Periodontal Disease

Periodontal disease or gum disease is the primary reason behind tooth loss. Periodontal means “around the tooth” and periodontal disease refers to infection that involves the gums and bones supporting our teeth.

Periodontal disease is quite common. In fact, four out of five individuals have the disease without knowing it. It is usually painless at its early stages and the first visible signs include red, swollen and bleeding gums.

Research has established a possible link between periodontal disease and other medical conditions such as diabetes, stroke, bacterial pneumonia, increased risk during pregnancy and cardiovascular disease. Studies are ongoing to determine if bacteria and inflammation associated with periodontal disease influence these systemic diseases and conditions. Smoking has also been determined to increase your risk of developing periodontal disease.

You can reduce your risk of developing periodontal disease by eating a well-balanced diet, embarking on a healthy lifestyle, practicing good oral hygiene, and seeing your dentist regularly.

The following are signs and symptoms of periodontal disease:

Diagnosis of Periodontal Disease

A periodontal examination forms part of your regular dental checkup. Your dentist or dental hygienist will do an examination to determine if you have periodontal disease.

Using a small dental instrument called the periodontal probe, your dentist will measure the gingival sulcus (pocket depths around the tooth) to determine that state of health of the tissues surrounding and supporting the teeth. Depth markings are inscribed on the head of the probe, and a healthy sulcus measures around 3 mm. Likewise, it does not bleed. Pocket depths of more than 3mm indicate periodontal disease, as the sulcus usually gets deeper with the progression of the disease.

There are several categories of periodontal disease and diagnosis is arrived at by measuring pocket depths, tooth mobility, as well as the amount of bleeding and level of inflammation.

Gingivitis

Gingivitis is first-stage periodontal disease characterized by tender and inflamed gums that are likely to bleed. This is due to gum irritation caused by plaque and its toxin by-products.

Periodontitis

Plaque that builds up along the gums and around the teeth needs to be removed. Otherwise, it can harden into calculus and cause the gums to recede. When the gums recede, deeper pockets form between them and the teeth and these pockets can collect pus and bacteria that will irritate or inflame the gums. This will cause the gums to bleed easily and there could also be slight to moderate bone loss.

Advanced Periodontitis

As the gums, bone and periodontal ligament are continually destroyed by the progression of periodontal disease, teeth will lose support and this can eventually lead to tooth loss. There could also be moderate to severe bone loss in advanced periodontitis.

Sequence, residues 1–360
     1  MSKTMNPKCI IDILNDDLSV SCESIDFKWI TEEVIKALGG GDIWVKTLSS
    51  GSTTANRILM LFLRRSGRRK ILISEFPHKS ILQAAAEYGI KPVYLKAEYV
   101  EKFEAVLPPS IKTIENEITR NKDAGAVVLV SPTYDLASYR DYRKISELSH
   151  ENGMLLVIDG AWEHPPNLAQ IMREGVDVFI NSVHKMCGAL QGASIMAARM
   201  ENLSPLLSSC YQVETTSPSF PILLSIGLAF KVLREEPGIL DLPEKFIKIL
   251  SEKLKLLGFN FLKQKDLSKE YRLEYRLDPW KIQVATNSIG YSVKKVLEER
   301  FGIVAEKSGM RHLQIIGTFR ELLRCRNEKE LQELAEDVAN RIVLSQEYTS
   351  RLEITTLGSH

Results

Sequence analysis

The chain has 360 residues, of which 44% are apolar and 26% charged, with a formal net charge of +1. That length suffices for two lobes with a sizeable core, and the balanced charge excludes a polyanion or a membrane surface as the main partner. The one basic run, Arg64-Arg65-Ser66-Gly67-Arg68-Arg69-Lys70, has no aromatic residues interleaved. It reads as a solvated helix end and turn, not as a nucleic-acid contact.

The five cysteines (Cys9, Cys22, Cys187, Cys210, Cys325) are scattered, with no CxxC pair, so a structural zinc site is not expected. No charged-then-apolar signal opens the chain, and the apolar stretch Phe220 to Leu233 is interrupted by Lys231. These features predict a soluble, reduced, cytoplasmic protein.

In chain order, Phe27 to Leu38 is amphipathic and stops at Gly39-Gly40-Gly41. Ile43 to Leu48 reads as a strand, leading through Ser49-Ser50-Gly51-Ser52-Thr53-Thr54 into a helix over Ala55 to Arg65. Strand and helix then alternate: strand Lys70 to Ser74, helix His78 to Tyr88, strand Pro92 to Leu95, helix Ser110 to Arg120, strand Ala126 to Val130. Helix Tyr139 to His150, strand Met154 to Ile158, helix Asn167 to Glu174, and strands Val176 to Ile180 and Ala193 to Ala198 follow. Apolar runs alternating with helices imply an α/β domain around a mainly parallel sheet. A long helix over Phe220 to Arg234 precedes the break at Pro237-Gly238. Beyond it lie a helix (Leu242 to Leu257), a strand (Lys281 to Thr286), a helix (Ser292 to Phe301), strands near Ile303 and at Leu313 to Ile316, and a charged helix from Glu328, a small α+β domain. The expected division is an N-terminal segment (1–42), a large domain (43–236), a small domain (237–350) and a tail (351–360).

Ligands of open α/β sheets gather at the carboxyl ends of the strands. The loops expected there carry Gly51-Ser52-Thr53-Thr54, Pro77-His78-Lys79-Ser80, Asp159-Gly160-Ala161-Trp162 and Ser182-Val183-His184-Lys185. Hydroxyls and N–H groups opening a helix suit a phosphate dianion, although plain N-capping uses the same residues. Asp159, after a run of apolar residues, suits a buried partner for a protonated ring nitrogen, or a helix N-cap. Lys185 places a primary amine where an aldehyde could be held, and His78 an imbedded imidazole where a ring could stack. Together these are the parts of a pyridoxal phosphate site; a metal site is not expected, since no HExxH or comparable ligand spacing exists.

Treatment of Periodontitis

The treatment of periodontitis will depend on an evaluation of the type and severity of the disease by your dentist and dental hygienist.

Periodontal disease progresses when the pockets between the teeth and gums accumulate plaque, tartar and bacteria. This will eventually irritate the surrounding tissues and cause damage to the gums and even the bone that supports your teeth.

Periodontal disease caught in the initial stages of gingivitis usually results to no damage. One to two regular dental cleanings should be able to address the problem at this point. Your dentist will also make recommendations on how to improve your daily oral care practices and have you come back for regular cleanings.

Periodontal disease in the more advanced stages will require scaling and root planing (deep cleaning), a special type of periodontal cleaning that involves one quadrant of the mouth at a time. A local anesthesia may be administered to keep the area numb during the procedure. Tartar, plaque and toxins that have built up above and below your gum line will be removed via scaling while rough sections on root surfaces are smoothened out by root planing. This specialized type of cleaning helps shrink the pockets and heal the gums. Your dentist will prescribe a medicated mouth rinse and some other medications and will often recommend the use of an electric toothbrush to speed up healing and control possible infection.

In some cases, pockets do not heal after the procedure and periodontal surgery may be required to reduce the depth of these pockets so teeth are easier to clean. Most dentists will recommend that you visit a periodontist for more serious gum issues. A periodontist is a gum and supporting bone specialist.

Maintenance

Did you know that it only takes 24 hours for plaque that isn’t removed from the teeth to turn into calculus or tartar? That is why it is vital that daily brushing and flossing are required to prevent and control plaque and tartar buildup.

Those hard to reach areas of the teeth and gums will require special attention and your dentist and dental hygienist will advise regular maintenance cleanings (periodontal cleanings) every quarter. They will check that the pocket depths between the teeth and gums are healthy and will remove any plaque and calculus from above and below your gum line.

Besides periodontal evaluation and cleaning, your regular appointments will normally include:

Diagnostic x-rays to detect any form of decay, the presence of cysts or tumors, and possible signs of bone loss. Tooth and root positions are also assessed with the help of these x-rays.

Good oral care and hygiene practices as well as regular periodontal cleanings are vital to the prevention or control of periodontal disease and the maintenance of optimum dental and oral health.